- A new report from the Pell Institute for the Study of Opportunity in Higher Education and the University of Pennsylvania’s Alliance for Higher Education and Democracy shows that poor students have a more difficult time obtaining a college degree today than 45 years ago.
- Families and students paid more than half of the revenue for higher ed in 2012, compared to one-third in 1980, according to "Indicators of Higher Education Equity in the U.S."
- The data also shows that for-profit two-year and four-year colleges have more students from low-income families than any other types of higher education institutions.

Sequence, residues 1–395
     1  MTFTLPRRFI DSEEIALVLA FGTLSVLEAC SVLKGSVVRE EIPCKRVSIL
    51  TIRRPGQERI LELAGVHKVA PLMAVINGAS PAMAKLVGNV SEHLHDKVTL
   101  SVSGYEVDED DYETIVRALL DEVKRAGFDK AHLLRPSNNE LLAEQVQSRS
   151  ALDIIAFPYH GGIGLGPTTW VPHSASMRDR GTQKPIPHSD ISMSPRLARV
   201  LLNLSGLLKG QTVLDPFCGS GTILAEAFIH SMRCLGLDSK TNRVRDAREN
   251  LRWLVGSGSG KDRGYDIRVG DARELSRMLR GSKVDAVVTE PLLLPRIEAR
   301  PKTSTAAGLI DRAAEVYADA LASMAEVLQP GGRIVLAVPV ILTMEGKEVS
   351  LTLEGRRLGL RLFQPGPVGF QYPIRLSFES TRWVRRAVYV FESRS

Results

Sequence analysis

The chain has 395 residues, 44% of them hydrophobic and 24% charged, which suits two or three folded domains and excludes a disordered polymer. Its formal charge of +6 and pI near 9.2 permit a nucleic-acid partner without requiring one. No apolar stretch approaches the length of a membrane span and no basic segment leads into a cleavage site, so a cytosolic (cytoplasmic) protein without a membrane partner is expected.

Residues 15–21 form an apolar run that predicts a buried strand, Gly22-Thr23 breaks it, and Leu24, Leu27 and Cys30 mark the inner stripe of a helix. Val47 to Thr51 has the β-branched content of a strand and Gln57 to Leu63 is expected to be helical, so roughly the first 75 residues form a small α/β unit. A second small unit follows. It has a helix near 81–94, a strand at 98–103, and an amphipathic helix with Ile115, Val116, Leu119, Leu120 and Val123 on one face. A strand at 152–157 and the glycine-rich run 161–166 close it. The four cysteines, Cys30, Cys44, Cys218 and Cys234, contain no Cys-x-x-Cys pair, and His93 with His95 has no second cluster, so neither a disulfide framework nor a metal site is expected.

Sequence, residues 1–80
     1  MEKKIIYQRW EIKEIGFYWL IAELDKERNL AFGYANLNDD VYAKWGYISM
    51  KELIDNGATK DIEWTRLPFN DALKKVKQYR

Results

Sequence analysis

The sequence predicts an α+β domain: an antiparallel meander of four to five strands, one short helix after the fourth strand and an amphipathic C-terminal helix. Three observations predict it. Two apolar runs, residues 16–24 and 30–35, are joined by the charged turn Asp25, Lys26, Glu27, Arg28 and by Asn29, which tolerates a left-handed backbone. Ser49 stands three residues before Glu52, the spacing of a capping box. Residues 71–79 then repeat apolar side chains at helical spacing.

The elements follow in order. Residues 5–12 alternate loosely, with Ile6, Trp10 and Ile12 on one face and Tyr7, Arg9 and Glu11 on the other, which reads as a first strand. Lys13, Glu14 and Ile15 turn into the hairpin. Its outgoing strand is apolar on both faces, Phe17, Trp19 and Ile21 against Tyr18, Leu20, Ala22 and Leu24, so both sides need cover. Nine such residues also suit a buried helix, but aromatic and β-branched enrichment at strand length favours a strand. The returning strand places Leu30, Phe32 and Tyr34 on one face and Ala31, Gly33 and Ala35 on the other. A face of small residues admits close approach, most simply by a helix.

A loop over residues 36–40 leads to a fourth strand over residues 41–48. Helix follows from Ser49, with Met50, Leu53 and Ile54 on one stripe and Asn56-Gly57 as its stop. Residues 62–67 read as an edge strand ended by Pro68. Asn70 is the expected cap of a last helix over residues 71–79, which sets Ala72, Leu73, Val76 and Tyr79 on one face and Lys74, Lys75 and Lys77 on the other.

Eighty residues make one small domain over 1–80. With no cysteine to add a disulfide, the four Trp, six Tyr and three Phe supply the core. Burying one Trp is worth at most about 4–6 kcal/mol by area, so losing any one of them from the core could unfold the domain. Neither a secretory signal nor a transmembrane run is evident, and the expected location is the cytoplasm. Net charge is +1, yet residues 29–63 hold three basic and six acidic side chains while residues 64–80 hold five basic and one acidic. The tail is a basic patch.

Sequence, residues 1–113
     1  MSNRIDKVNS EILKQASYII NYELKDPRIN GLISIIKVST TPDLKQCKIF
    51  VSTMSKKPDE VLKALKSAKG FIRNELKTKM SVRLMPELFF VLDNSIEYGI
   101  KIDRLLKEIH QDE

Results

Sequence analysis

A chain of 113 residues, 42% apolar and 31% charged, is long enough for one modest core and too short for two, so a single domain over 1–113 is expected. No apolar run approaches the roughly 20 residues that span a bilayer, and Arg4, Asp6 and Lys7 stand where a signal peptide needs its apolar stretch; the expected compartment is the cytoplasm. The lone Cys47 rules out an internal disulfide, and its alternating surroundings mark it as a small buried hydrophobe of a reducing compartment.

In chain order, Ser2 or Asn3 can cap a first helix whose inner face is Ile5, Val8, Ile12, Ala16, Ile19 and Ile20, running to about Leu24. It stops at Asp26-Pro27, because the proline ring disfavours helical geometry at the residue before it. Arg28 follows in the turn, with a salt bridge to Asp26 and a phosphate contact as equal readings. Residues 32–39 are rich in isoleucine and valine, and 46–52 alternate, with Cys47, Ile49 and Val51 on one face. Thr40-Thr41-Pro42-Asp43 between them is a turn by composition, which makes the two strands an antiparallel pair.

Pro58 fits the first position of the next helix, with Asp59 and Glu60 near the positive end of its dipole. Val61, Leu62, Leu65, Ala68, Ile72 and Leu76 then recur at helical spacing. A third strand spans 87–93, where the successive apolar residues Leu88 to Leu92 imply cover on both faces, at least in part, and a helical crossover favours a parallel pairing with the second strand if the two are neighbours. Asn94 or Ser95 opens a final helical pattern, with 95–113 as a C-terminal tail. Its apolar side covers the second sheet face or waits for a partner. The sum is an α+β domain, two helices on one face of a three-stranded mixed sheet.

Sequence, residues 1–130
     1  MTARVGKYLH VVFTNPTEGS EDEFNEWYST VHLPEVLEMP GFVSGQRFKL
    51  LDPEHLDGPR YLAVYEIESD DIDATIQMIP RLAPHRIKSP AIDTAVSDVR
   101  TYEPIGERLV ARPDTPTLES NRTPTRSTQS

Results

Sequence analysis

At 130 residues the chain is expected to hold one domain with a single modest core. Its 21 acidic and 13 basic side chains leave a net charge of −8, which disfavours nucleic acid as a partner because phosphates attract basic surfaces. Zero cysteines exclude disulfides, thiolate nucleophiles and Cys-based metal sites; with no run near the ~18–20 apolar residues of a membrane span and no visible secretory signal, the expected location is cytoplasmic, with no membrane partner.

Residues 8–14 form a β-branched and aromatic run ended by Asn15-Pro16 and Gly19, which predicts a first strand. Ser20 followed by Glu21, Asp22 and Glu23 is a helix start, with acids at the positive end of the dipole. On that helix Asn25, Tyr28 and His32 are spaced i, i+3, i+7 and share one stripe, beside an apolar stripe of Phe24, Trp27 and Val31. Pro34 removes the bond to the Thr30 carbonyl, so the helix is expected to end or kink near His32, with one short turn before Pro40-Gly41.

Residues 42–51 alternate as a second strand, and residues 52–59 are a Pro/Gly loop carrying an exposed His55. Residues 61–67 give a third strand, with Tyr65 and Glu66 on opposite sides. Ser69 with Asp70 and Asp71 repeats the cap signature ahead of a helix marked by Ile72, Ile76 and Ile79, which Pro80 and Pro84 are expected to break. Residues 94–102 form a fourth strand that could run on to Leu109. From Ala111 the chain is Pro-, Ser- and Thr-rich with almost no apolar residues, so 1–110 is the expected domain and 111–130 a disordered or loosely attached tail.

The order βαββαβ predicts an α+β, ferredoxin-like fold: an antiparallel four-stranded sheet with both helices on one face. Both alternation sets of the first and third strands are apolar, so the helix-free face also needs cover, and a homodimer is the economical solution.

While not surprising, the report lays out the detailed numbers that show how low-income families are getting squeezed by the combination of lower financial aid grants and higher tuition prices. For 18- to 24-year-olds in the top quartile of family income, 81% went to college in 2012, compared to 45% for the same age group in the bottom quartile of family income. In 1975, the maximum Pell Grant covered 67% of average college costs, but by 2012, that figure had fallen to 27%.